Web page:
Crytek to abandon PC exclusivity

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A screenshot from Crysis
There are three things that make or break any company. The first thing is the product(s) that it can offer. The next thing is the public’s reaction to the product(s). Based on the reaction of the public the next important thing is the margin between legal and illegal receiving of the product(s).

The game studio Crytek has a product that people apparently want in Crysis which also has one of the most advanced graphics engines. However, much like other companies that put out big-name, PC-only releases, it has learned from the problem of piracy. This is because Crysis seems to be pirated more often than it is legally purchased.

While the company admits that it started off planning to make all its games PC-only, Crytek’s President, Cevat Yerli, told PC Play the company is rethinking the PC exclusivity mindset.

While Yerli downplayed the potential for porting Crysis to consoles, that does not exclude the possibility of the company teaming up with another developer for console releases.

If Crytek does leave PC exclusivity behind, they will join the ranks of other companies that were once in the very same position. An example of the companies is id Software, developers of the Doom series, which had games that sold better after releasing games to multiple platforms. The effect would probably be the same for Crytek in the long run since it would give games would be more exposure.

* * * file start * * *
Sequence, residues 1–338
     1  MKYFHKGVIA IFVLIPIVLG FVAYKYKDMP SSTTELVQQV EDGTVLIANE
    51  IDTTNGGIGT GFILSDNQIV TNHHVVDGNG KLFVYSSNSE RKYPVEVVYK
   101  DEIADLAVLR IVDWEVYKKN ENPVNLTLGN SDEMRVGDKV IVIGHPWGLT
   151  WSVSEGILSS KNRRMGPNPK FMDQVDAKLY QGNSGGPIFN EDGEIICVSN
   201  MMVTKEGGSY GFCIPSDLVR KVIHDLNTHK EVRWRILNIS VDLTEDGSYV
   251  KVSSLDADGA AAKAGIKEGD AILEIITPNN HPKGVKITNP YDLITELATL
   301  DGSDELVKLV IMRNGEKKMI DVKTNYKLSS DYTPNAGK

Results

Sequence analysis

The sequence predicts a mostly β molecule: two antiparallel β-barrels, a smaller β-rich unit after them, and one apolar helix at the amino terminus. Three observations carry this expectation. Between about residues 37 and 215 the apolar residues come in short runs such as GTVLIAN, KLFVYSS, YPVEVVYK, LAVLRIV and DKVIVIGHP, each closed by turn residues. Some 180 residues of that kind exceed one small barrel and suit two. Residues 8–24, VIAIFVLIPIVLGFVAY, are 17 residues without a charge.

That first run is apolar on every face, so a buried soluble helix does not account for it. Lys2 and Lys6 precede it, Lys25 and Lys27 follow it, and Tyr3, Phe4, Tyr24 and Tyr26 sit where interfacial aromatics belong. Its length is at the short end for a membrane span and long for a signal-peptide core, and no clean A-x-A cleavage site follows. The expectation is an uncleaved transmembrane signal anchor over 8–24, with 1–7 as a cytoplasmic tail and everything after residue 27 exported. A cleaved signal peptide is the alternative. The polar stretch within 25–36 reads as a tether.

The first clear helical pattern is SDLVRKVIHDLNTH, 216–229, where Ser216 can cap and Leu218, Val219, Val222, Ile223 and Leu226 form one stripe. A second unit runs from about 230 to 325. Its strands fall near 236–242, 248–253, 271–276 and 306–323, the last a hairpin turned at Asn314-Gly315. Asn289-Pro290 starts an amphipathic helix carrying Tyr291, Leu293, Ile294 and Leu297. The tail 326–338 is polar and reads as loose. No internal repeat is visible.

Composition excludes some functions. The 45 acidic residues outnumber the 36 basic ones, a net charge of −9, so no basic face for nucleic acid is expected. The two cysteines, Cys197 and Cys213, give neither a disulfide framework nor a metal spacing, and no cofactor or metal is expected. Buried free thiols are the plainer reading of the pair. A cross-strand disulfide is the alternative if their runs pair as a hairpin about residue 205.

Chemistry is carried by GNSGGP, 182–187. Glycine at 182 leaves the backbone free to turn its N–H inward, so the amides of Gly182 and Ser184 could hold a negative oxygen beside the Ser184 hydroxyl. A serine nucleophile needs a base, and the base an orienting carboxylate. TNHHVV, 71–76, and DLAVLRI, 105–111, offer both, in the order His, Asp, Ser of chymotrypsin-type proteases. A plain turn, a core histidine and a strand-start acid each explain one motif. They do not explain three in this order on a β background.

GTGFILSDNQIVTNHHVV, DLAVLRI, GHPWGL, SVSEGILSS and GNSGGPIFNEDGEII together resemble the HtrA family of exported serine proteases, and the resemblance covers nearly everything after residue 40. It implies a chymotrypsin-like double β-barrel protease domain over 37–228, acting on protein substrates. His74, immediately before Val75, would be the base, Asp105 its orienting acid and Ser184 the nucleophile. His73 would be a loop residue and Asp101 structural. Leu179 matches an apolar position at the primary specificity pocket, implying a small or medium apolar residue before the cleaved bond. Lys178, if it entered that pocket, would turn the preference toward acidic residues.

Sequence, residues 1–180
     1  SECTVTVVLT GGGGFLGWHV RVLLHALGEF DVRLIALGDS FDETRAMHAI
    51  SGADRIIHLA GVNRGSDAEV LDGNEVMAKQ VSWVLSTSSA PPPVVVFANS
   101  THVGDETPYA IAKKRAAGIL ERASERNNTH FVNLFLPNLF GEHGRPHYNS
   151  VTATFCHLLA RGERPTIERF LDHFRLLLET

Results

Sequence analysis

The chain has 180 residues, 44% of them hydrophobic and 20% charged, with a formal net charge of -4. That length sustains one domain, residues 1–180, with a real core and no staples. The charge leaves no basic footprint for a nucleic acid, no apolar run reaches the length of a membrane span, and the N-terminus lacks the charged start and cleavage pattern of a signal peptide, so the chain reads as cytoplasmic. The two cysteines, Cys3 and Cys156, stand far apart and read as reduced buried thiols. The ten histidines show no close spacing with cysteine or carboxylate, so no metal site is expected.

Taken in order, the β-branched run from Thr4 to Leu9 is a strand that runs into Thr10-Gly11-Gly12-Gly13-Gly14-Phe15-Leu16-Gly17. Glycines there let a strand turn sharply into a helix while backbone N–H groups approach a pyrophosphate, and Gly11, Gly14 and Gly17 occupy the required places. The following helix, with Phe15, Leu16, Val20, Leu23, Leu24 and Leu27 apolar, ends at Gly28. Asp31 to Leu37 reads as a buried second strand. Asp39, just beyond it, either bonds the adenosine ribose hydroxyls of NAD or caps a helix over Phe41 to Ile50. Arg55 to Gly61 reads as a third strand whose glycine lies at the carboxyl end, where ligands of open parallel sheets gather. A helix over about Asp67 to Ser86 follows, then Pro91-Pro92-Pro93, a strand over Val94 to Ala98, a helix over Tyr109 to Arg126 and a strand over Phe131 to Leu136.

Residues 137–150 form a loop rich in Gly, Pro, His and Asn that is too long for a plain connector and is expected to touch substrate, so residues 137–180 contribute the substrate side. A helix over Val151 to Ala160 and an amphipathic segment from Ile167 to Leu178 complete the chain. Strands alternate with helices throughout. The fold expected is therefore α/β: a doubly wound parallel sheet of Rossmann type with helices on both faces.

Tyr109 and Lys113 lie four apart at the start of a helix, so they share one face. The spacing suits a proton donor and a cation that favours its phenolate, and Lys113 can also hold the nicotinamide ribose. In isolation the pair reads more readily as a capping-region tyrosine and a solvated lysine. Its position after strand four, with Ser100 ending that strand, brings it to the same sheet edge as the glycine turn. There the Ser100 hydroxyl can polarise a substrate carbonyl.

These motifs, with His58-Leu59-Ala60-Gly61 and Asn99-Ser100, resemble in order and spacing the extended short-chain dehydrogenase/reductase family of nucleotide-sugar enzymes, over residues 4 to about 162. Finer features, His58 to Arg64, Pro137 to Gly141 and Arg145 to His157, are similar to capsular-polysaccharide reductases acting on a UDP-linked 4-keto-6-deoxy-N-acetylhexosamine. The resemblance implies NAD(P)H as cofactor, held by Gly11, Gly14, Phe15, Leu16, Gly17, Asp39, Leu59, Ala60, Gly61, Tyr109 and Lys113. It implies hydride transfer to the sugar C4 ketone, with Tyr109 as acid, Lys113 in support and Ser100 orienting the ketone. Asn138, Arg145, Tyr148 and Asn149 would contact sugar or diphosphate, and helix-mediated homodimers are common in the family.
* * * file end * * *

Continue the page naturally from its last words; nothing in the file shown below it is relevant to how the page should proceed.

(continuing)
Porting Crysis to consoles, which may take quite a bit of work, would be a smart thing to do. Besides increased exposure, pirating console games is a bit more difficult. This is because a console normally has to be modded to be able to play a pirated copy of a game, which voids the console’s warranty. With the possibility of something going wrong after modifying a console, it might be less expensive to legally buy the game. It would be a wiser choice to not mod the console and just buy the game.

Read [GameDaily] Also Read [PC Play] Also Read [Gamertell]

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  • Daniel Contoro

    The way I see it, PC exclusivity is a very poor choice of marketing. Same thing with certain platform exclusivity. Games need to be marketed to people with systems of all kinds if the producers want to maximize profits.

  • Jonathan Gronli

    Any form of exclusivity is a risky business move. However PC exclusivity isn't just the riskiest move, it's the worst move. As I implied in the story, PC gaming just lends itself to piracy, even with the CD keys. More often than not CD keys only allow certain aspects of the game to work on no more than one computer at a time, which is usually the online component to a game. If the player's willing to just stick to single player gaming they aren't going to care if the online portion of a pirated game doesn't work.